To better understand the motions of electrons, the Wisconsin team worked with physicists at the Deutsches Elektronen-Synchrotron who performed theoretical simulations of the protein’s reaction to light. The electrons and atoms within the protein have to move according to the laws of quantum mechanics, which act as something like a rulebook. Comparing their results to a simulation based on those rules helped the team understand which of the allowed moves the protein was performing. This brought them closer to understanding why they saw the motions they did.
The union of quantum theory and AI encapsulated in the new work holds promise for future research into light-sensitive molecules, says Fromme. She emphasizes that a machine learning approach can extract lots of detailed information from seemingly limited experimental data, which may mean that future experiments could consist of fewer long days doing the same thing over and over in the lab. Mukamel agrees: “This is a most welcome development that offers a new path for the analysis of ultrafast diffraction measurements.”
Coauthor Robin Santra, a physicist at the Deutsches Elektronen-Synchrotron and the University of Hamburg, believes that the team’s novel approach could change scientists’ thinking about incorporating data analysis into their work. “The combination of modern experimental techniques with ideas from theoretical physics and mathematics is a promising route towards further progress. Sometimes, this may require scientists to leave their comfort zone,” he says.
But some chemists would like to see the new approach examined in even more detail. Massimo Olivucci, a chemist at Bowling Green State University, points out that PYP’s response to light includes something like a singularity in its energy spectrum—a point where the mathematical equations for calculating the protein’s energy “break.” This kind of occurrence is as important to a quantum chemist as a black hole is to an astrophysicist, because it is another instance in which the laws of physics, as we understand them today, fail to tell us exactly what is happening.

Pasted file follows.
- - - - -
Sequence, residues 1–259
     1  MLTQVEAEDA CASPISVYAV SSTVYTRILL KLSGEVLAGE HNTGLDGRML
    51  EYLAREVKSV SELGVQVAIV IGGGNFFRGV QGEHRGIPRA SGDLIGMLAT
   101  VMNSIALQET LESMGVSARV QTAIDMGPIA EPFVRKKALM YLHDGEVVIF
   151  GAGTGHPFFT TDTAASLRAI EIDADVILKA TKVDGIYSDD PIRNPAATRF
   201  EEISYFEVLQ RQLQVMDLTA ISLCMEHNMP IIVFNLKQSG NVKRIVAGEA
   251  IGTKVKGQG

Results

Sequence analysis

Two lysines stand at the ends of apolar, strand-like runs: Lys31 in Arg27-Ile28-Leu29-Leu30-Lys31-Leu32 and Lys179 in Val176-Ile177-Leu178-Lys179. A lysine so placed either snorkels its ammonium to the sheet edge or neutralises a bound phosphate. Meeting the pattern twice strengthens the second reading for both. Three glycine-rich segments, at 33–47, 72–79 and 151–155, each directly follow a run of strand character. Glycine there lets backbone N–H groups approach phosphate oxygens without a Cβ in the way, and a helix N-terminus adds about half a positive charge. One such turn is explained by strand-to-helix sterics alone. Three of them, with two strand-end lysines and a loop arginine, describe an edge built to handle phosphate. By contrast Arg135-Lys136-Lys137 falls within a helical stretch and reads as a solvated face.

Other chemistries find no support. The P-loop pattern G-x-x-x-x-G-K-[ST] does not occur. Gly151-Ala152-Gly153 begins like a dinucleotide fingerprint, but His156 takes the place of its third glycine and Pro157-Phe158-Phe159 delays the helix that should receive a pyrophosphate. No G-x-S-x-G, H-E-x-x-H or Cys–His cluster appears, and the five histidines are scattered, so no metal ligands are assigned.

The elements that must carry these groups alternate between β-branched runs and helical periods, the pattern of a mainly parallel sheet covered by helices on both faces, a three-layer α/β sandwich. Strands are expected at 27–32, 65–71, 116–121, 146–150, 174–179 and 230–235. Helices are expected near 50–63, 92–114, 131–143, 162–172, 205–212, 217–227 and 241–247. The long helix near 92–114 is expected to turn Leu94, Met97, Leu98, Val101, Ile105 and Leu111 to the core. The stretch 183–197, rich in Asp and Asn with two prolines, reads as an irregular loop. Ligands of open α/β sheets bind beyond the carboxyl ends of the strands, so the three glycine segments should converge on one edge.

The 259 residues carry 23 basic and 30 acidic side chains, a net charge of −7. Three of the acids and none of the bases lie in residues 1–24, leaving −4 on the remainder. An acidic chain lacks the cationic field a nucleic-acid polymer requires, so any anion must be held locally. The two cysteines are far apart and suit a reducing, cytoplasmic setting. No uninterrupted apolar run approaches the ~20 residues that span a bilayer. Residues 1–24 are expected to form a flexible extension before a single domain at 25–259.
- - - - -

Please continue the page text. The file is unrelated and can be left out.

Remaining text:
According to Olivucci, many fundamental processes in chemistry and molecular physics involve these “rule-breaking” features. So understanding the minute details of what a molecule is doing when laws of physics can’t offer clarity is really important to scientists. Olivucci hopes that future work with the machine learning algorithm from the new study will compare its “movies” to theoretical simulations that contain atomistic detail—rulebooks specifying what every single atom in the protein can and cannot do. This could help chemists determine the fundamental reasons why some of the smallest parts of PYP perform some of its fastest moves.
Ourmazd also notes that his team’s approach could help uncover even more about PYP’s response to light. He would like to use the algorithm to observe what happens slightly before the protein absorbs light, before it “knows” that it is about to start contorting, rather than immediately after the absorption, when it is locked into the motion. Additionally, he notes, instead of using flashes of x-rays, scientists could throw ultrafast electrons at the protein, then record their bouncing off to produce even more fine-grained snapshots that the AI could analyze to achieve an even more detailed animation of the process.
Ourmazd would also like to tackle astrophysics and astronomy next, two fields in which scientists have long been taking images of a changing universe, and from which an AI might extract useful data—although he doesn’t have a specific experiment in mind yet. “The world’s our oyster, to some extent,” he says. “The question is: What are the most important questions to ask and realistically expect to answer?”
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